Thousands of skilled migrants with H-1B visas working as subcontractors at well-known corporations like Disney, FedEx, Google, and others appear to have been underpaid by at least $95 million. Victims include not only the H-1B workers but also the U.S. workers who are either displaced or whose wages and working conditions degrade when employers are allowed to underpay skilled migrant workers with impunity. The workers in question were employed by HCL Technologies, an India-based IT staffing firm that earned $11 billion in revenue last year. HCL profits by placing workers on temporary H-1B work visas at many top companies. The H-1B statute requires that employers pay their H-1B workers no less than the actual wage paid to their similarly employed U.S. workers. But EPI analysis of an internal HCL document, released as part of a whistleblower lawsuit against the firm, shows that large-scale illegal underpayment of H-1B workers is a core part of the firm's competitive strategy.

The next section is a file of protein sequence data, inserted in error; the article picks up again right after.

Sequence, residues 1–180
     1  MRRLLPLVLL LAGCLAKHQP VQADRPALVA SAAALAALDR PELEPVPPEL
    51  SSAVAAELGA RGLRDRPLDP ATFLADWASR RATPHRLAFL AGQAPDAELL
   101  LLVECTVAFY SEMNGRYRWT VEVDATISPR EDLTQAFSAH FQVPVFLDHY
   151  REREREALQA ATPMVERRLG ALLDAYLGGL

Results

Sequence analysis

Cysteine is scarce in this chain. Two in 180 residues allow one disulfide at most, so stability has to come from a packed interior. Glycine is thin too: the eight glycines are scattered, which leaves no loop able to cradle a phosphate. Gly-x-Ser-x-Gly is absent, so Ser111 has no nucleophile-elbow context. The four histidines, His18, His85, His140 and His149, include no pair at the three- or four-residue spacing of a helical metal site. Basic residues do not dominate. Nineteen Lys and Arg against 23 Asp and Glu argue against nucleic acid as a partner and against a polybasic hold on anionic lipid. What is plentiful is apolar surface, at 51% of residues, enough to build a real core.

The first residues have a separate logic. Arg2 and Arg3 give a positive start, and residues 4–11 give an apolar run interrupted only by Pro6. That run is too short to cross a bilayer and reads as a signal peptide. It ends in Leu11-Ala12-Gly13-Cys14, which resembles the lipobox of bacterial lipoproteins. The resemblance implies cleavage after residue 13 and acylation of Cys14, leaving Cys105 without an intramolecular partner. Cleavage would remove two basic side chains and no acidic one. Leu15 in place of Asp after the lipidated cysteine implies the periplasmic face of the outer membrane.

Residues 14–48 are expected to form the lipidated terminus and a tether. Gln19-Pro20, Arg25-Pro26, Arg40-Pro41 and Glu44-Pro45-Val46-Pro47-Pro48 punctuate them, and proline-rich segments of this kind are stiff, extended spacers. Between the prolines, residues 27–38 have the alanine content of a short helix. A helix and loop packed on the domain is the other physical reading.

The Department of Labor should launch a sweeping investigation into whether companies are systematically underpaying H-1B workers in violation of the law. If violations are found, penalties should be imposed that are significant enough to deter all H-1B employers from such behavior. DOL should also close the outsourcing loophole that supports the outsourcing business model by requiring both direct employers like HCL and the secondary employers that use H-1B staffing firms to attest that they will comply with H-1B wage rules. DOL and the Department of Homeland Security (DHS) should take additional measures to ensure the H-1B program achieves its purpose of filling genuine labor market gaps. Such measures include raising minimum wages to realistic market levels, allocating H-1B visas to workers with the highest skills and wages, and adopting a compliance system that ensures program accountability and integrity. Finally, the Department of Justice's (DOJ) Civil Division, in conjunction with DOL and DHS, should vigorously prosecute visa fraud under the False Claims Act, consistent with a recent federal court decision applying the False Claims Act to H-1B visa fraud.